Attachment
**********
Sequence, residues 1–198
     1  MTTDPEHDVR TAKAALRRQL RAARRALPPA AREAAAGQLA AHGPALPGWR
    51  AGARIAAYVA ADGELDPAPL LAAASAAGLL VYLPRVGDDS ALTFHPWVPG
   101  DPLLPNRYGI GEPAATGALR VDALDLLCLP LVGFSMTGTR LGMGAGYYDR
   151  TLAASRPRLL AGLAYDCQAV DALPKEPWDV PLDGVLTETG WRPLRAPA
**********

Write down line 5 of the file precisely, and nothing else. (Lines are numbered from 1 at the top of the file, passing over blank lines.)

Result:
   151  TLAASRPRLL AGLAYDCQAV DALPKEPWDV PLDGVLTETG WRPLRAPA